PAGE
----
Matsuri da! (6): Strange ways to make religion fun
Posted by ampontan on Monday, January 22, 2007
The Japanese are the first to admit that some of their festivals are unusual. They even have a word for them: kisai, or strange festivals. Books in Japan about festivals always include a section on kisai, and some are devoted entirely to a nationwide sampling of these oddities.
How common are the kisai? Well, just last Sunday in northern Kyushu, three smaller ones were held within driving distance of each other. Indeed, the streak of strangeness that runs through all three is enough to make one wonder not only what sort of people conceived them, but also about the people who’ve enjoyed them so much they’ve kept them alive for centuries.
Take for example the Tatami Yaburi festival held at the Nanko Shrine in Isahaya, Nagasaki Prefecture, a bedroom community of Nagasaki City. During the event that dates back more than 250 years, 25-30 local men split into two groups to reenact an incident in which the feudal warlord Masashige Kusunoki employed guerilla tactics using dummies in his 1333 campaign in support of the Emperor Go-Daigo against the armies of the Kamakura Shogunate. Tatami Yaburi literally means to rip up tatami mats.
As part of the reenactment, one group plays the role of Kusunoki’s forces, while the other plays the role of the Shogunate soldiers. Against a backdrop of taiko drumming, the men strip to the waist and don straw hats. The men in the Shogun’s army barricade themselves in the main building of the shrine with the tatami mats, which they call “castle walls”. The men representing Kusunoki’s warriors charge up the main shrine path to attack them.
Their skirmish surges into the shrine itself. In the melee that ensues, the men from both sides tear apart the tatami mats and rub the straw vigorously on the bodies of the troops in the opposing army while exhorting each other to put up with the cold and the pain.
The story goes that this is part of a supplication for health and safety during the coming year, but I won’t blame you if one of your eyebrows rises after you read the first part of this sentence.
No one is sure how the event got started, but both Kusunoki and Hachiman, the protector of warriors and the tutelary deity of Minamoto no Yoritomo, the founder of the Kamakura Shogunate, are enshrined at Nanko. The theory is that blending both enshrined spirits in the festival will preserve peace in the region.
And I say that’s as good an explanation as any!
On the same night the Nagasaki guys are getting it on in rub-a-dub style, a group of people are wandering around in Fukuoka Prefecture’s Keisen-machi for the purpose of getting drenched with water as they stand outside in close-to-zero temperatures. The name of this event is the Tohetohe, which is written with the characters for door and blessing repeated twice. This traditional affair is held to pray for the provision of abundant water during rice planting season.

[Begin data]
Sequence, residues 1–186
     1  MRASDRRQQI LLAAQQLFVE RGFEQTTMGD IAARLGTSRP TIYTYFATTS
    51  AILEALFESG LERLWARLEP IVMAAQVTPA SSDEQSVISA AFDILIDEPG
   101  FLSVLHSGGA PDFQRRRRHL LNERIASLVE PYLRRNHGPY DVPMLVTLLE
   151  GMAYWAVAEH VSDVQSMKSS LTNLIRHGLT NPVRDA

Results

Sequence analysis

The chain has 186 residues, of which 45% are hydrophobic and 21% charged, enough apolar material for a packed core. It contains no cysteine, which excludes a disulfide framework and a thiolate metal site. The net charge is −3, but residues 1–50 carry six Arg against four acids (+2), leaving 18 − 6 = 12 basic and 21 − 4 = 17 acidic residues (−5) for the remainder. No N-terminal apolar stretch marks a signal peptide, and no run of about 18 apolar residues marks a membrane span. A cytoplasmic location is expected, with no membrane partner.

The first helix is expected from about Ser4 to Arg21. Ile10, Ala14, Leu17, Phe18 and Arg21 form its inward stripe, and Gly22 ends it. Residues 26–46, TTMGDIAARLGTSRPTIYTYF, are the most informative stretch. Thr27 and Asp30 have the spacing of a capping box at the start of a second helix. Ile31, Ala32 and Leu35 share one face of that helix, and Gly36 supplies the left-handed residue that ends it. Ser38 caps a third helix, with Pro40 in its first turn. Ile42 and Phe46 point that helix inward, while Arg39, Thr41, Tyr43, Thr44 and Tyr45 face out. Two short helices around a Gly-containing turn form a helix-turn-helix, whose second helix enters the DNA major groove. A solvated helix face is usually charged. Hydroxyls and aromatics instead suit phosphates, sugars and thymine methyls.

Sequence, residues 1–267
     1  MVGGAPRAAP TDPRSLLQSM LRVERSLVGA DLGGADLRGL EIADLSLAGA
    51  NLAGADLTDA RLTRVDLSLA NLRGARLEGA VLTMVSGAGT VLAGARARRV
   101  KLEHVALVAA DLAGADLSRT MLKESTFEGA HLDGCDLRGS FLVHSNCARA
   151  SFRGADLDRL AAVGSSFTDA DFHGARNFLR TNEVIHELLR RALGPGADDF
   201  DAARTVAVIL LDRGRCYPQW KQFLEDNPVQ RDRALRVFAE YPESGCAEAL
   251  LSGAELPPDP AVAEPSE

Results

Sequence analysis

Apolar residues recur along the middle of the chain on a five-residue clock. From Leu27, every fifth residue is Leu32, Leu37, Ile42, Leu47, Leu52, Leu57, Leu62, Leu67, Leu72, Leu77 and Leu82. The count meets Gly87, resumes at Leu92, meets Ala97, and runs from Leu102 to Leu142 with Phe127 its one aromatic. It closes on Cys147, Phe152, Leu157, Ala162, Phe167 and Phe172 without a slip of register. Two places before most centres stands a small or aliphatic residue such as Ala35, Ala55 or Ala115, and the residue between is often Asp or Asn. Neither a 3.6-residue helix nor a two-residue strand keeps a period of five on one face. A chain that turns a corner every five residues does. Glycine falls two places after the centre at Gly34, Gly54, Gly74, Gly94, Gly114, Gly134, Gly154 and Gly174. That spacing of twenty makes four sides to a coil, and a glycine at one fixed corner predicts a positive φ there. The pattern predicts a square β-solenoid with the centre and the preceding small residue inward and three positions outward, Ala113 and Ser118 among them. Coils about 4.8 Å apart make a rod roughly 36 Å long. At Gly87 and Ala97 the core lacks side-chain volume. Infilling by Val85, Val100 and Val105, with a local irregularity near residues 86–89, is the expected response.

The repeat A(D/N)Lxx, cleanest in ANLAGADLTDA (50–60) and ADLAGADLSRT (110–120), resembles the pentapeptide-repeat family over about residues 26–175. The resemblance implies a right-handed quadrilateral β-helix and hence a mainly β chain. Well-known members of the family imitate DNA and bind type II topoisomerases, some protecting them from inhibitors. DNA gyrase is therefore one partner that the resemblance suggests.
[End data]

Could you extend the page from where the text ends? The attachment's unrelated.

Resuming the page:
So, how do the people in the area go about making sure they get enough water? A group of 12 ranging in age from 13 to their mid-40s wear traditional conical bamboo hats (kasa) and straw raincoats (mino) to visit 110 different homes. The residents of each one welcome the group by dousing them with water. Traditional attire may be more practical for some purposes than modern clothing, but I’d be surprised if even the sturdiest mino and kasa can hold up under that sustained deluge.
Sounds like a perfectly natural way to guarantee an abundance of water later on during the summer, don’t you think? Of course, everyone likes a good water fight, but this one is held in January.
As if this were not enough frathouse shenanigans for one Kyushu winter’s night, the Muko-Oshi Festival was underway at the same time at the Kasuga shrine in Kasuga, Fukuoka Prefecture. The objective of this event is to bring the blessing of happiness to the year’s newlyweds. And how do they accomplish that? Here’s a hint: Muko-Oshi literally means bridegroom pushing.
During one of the festival events called the taruseri, men fight for shards from a barrel of sacred sake. And they aren’t just tussling for form’s sake—during the scuffle most wind up being thrown into a pond next to the torii in front of the shrine grounds.
There’s more to it than that, of course. Before the action starts, the brides, dressed in furisode, the traditional long-sleeved kimono of unmarried women, serve sake to the shrine elders, bridegrooms and the go-betweens. After this sweet little ceremony, a group of young boys dressed in loincloths barge in and try to snatch the cask of sacred sake. The cask will later be offered to the divinities.
After the cask is blessed, the shrine priest tosses it out onto the grounds, and that’s when the pushing and shoving begins in earnest. The men stomp on the cask to break it into pieces, and each one takes home a chunk to place on the kamidana, or Shinto family altar.
This is just a sampling of festivals that the Japanese consider to be strange, held on one day in one corner of the country. But the truth of the matter is that there’s nothing so unusual about any of them. In Japan, matsuri in which young men strip down to loincloths in mid-winter to grapple with each other, compete for sacred objects, or get water thrown on them aren’t strange at all.
They’re a part of everyday life.